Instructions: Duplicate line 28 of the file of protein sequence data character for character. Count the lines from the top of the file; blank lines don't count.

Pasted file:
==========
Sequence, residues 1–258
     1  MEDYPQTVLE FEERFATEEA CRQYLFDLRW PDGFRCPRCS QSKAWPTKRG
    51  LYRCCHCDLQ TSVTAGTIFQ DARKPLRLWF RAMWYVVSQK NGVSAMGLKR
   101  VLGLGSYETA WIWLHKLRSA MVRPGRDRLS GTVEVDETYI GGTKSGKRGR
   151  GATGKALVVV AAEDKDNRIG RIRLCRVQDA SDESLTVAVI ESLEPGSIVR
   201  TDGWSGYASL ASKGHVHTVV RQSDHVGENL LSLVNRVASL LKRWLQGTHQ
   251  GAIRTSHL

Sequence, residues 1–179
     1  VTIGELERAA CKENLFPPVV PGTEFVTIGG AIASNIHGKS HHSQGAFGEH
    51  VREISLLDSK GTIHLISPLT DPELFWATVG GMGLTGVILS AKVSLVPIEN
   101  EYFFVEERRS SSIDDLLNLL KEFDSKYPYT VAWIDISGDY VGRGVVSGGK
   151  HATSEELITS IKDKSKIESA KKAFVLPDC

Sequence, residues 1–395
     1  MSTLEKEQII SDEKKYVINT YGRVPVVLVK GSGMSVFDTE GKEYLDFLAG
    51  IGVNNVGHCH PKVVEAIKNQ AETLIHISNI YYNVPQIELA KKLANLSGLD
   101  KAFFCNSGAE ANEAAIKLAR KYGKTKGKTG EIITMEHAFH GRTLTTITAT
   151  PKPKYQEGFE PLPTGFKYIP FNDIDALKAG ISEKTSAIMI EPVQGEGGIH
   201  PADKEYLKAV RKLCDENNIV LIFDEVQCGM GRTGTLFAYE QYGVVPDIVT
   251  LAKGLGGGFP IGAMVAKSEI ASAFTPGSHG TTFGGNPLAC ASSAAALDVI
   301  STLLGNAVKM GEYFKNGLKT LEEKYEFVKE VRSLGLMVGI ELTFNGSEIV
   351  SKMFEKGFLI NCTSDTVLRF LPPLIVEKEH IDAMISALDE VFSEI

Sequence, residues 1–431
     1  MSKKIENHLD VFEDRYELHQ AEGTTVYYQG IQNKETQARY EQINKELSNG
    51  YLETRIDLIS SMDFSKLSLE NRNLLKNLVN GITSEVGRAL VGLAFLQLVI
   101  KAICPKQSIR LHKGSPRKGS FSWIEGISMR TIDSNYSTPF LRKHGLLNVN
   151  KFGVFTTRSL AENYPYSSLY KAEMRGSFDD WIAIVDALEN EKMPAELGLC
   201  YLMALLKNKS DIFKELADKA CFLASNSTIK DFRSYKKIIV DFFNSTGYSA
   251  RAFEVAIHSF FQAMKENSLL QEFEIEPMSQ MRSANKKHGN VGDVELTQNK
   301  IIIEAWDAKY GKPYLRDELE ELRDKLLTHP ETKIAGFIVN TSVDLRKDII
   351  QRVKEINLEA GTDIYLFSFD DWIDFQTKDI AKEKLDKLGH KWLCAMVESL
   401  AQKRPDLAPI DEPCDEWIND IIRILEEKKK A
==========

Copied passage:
   251  RAFEVAIHSF FQAMKENSLL QEFEIEPMSQ MRSANKKHGN VGDVELTQNK